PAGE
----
Vatican abuse probe of Guam archbishop heads to mainland US

VATICAN CITY (AP) — Vatican officials prosecuting Guam's archbishop for alleged sex abuse have moved their investigation from the territory to Hawaii and now the mainland U.S. so they can interview potential witnesses.

But attorney David Lujan, who is representing four people who have accused the archbishop of abuse, said he has instructed his clients not to testify without their lawyer present, which could complicate the investigation.

"No one knows what the procedures are, what the rules are," Lujan said Wednesday, underscoring how the secrecy of the Vatican's canonical trials can conflict with secular legal standards. "The findings are secret, so you never know when it's over."

Guam Archbishop Anthony Apuron faces multiple allegations of sex abuse of altar boys in the 1970s. Apuron has denied the claims and has not been criminally charged.

American Cardinal Raymond Burke, a top canon lawyer who headed the Vatican's high court until 2014, is presiding over the church trial. He left Guam on Saturday and had advised victims in Hawaii and Phoenix, Arizona they could offer their testimony this week.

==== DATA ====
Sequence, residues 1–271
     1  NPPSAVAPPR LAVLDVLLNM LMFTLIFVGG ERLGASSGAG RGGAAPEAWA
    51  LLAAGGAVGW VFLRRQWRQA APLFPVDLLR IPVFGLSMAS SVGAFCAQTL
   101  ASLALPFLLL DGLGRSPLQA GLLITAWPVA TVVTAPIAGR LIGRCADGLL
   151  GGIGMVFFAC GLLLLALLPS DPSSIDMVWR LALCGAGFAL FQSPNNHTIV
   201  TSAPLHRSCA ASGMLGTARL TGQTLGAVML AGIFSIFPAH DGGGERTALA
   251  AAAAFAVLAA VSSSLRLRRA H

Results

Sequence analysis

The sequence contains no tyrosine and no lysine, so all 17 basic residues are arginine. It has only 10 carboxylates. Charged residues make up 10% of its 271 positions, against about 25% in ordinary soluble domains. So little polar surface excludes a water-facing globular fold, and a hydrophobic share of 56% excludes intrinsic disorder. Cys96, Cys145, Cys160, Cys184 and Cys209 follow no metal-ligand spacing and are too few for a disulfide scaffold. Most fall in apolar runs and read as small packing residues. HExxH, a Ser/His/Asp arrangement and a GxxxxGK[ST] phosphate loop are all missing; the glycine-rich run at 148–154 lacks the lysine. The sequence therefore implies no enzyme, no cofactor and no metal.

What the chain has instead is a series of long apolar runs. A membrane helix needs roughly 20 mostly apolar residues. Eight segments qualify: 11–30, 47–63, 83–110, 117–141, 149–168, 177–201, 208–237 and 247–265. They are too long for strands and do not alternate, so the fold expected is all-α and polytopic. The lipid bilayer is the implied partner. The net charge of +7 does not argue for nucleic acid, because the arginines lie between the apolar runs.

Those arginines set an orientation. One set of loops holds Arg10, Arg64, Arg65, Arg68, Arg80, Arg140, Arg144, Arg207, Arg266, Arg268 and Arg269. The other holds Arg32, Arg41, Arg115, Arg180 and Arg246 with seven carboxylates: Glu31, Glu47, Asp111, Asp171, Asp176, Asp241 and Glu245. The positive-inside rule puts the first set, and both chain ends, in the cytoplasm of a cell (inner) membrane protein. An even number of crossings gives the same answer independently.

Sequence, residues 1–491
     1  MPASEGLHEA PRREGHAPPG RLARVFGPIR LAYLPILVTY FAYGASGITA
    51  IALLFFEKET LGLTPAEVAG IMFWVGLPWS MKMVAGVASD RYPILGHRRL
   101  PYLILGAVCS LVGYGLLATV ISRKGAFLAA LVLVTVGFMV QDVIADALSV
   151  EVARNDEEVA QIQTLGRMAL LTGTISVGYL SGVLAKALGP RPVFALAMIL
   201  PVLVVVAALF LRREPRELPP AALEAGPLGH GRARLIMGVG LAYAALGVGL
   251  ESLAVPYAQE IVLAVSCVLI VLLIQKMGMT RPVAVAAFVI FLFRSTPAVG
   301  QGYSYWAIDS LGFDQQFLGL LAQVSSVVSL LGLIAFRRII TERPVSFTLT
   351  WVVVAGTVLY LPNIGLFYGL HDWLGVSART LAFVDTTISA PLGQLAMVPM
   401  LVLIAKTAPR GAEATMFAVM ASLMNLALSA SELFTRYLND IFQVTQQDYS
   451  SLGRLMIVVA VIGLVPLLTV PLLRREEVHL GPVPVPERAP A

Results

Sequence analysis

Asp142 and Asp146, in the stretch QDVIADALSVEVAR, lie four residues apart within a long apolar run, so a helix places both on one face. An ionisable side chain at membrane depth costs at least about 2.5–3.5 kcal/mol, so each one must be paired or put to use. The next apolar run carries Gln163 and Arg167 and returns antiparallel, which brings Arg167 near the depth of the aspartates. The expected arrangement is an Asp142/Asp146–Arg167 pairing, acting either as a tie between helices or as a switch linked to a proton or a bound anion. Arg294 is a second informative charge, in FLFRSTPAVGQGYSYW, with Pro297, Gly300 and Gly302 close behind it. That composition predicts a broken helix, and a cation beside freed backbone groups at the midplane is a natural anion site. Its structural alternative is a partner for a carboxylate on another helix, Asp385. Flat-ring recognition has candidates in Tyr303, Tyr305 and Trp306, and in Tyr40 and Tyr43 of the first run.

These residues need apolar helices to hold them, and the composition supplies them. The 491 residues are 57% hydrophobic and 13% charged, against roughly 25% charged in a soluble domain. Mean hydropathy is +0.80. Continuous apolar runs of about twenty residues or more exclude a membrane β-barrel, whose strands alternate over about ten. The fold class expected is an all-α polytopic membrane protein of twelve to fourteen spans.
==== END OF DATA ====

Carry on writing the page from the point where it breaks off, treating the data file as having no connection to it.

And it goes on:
Lujan is representing Apuron's four accusers in their civil litigation against the archbishop and the archdiocese. He said he had sought information about what his clients could expect if they participated in the Vatican's trial, and received no answer.

Lujan said he was told by church officials he couldn't see the court record, and decided not to participate.

Asked if he was concerned that the Vatican investigation might suffer as a result, Lujan said a canonical sanction wasn't his main goal.

"My job is to get redress for my clients," he said.


Bordallo reported from Hagatna, Guam.

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